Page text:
How do Wind Machines work? PDF Print E-mail

During a radiation frost, a wind machine is used to draw down the warmer air in the inversion layer and blow it into the orchard or vineyard. The wind machine needs to blow as much air as it can, to the greatest distance possible.

During the day, the sun heats the earth’s surface. The soil and trees become warmer than the air in contact with them, thus heating the air. At night, the colder air settles next to the ground and the warmer air rises forming the inversion.

Radiant frost occurs when a sudden drop in temperature due to irradiation of the trees and soil causes the surrounding air to cool rapidly. The chilled air settles into the lowest areas in the orchard or growing field causing frost damage.

The earth absorbs heat from the sun during the day and releases it into a colder atmosphere at night. The heat loss is greatest just before dawn and this is usually when the maximum danger of frosts and frost damage occurs.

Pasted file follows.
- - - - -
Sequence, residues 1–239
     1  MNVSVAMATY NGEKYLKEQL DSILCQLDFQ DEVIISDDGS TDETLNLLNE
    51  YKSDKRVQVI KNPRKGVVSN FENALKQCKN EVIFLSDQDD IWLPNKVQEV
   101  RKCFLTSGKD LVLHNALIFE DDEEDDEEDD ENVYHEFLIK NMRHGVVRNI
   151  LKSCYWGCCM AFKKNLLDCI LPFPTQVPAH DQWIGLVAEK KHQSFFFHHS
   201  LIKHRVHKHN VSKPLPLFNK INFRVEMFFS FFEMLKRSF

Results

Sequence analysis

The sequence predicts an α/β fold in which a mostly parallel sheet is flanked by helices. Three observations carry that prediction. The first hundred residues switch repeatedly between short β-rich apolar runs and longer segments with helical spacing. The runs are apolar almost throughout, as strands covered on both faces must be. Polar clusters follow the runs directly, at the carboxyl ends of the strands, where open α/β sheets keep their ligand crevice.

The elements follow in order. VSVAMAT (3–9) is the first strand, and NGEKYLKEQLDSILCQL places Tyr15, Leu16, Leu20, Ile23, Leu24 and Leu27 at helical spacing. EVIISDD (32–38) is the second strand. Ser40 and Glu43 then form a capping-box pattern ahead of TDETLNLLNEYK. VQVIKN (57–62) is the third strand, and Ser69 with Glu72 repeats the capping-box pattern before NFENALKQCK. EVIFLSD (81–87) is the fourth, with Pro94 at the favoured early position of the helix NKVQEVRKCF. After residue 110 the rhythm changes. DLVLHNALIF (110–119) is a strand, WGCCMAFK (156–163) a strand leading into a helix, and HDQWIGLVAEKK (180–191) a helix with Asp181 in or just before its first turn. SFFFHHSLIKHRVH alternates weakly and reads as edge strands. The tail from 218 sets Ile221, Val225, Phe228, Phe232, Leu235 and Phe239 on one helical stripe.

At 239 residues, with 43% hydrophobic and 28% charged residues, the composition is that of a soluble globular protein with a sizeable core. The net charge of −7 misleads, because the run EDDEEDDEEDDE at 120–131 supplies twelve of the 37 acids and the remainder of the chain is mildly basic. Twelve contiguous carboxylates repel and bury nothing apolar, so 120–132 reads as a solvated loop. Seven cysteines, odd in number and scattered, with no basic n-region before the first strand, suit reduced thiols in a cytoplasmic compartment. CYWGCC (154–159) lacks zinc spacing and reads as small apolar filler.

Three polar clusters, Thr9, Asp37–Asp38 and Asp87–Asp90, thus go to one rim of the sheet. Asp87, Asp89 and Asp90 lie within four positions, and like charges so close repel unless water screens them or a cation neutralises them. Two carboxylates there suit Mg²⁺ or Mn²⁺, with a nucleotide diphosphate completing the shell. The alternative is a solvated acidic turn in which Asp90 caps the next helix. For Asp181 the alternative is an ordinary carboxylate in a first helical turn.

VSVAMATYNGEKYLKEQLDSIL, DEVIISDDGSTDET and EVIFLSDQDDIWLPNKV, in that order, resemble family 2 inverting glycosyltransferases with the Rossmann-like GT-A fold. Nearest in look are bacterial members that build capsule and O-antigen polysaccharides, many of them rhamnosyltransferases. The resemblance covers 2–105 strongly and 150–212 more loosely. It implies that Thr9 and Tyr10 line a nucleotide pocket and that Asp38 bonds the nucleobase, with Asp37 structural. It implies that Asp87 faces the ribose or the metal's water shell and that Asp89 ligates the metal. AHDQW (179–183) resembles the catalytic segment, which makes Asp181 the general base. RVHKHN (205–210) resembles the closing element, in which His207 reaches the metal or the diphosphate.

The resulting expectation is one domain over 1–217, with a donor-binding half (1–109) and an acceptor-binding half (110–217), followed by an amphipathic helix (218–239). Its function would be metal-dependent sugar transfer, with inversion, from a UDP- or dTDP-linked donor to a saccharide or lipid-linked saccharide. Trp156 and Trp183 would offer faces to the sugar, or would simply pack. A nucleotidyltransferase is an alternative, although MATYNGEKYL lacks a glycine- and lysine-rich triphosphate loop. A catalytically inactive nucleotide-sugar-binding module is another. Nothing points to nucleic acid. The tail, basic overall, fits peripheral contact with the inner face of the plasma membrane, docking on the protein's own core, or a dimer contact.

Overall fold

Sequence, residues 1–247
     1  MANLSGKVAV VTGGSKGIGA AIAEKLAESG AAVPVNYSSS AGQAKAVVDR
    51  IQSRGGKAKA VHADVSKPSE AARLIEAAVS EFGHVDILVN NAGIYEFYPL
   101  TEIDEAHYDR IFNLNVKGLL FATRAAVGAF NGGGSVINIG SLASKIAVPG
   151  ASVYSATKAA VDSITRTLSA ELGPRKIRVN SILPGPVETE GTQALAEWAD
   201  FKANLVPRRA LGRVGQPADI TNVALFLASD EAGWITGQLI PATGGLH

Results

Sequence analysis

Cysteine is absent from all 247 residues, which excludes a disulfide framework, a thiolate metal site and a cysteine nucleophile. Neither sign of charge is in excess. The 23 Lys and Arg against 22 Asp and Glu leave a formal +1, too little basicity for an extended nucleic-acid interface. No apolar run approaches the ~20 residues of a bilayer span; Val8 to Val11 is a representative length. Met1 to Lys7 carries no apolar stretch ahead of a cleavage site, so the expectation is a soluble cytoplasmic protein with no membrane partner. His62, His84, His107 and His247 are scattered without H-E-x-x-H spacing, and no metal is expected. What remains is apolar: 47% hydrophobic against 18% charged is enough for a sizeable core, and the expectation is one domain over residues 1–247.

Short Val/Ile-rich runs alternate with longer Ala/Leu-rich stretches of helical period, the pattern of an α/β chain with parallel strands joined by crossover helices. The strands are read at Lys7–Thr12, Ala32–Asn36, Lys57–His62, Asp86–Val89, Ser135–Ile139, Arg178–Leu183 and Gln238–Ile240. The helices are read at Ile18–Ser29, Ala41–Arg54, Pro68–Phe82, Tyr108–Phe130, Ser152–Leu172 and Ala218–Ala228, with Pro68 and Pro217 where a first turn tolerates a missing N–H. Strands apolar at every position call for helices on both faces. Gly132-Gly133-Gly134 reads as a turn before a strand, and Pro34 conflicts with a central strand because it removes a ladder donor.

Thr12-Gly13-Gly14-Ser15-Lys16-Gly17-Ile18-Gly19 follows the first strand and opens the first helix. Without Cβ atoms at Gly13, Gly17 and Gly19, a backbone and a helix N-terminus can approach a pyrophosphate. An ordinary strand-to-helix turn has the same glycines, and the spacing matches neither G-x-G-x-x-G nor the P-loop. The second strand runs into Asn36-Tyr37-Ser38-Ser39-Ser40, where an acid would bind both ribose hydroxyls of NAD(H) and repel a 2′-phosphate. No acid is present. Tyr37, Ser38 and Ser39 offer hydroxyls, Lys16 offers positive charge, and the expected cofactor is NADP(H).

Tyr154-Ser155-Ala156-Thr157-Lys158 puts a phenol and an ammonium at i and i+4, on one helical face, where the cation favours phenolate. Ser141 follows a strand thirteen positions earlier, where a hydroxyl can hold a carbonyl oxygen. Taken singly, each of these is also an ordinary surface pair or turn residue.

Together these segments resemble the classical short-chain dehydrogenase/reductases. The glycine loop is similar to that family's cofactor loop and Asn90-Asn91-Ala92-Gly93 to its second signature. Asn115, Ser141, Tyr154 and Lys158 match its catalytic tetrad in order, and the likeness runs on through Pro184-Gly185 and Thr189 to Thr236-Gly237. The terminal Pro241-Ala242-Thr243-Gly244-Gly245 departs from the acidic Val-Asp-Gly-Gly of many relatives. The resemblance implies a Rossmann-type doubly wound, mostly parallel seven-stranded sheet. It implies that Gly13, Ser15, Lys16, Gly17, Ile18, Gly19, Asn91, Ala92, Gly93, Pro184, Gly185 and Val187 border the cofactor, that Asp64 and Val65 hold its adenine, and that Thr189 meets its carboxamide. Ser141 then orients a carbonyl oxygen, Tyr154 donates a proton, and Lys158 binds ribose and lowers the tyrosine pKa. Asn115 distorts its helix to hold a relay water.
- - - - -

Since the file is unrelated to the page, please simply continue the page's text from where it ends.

This release of heat creates an 'inversion layer' of warmer air which can be found from 10-15 metres above the ground.

Wind machines use the warmer "inversion layer" air to protect a crop from frost damage. The wind machine is angled slightly downwards to pull this inversion layer down to ground level to protect the crop from frost damage.

The main principles involved are:

  1. The removal of heavy cold air to prevent stratification and retard frost formation
  2. Allow warmer inversion layer air in to replace the colder air at crop level
  3. Some friction generated heat as the air moves past foliage to replace the 'skin' of colder ambient air.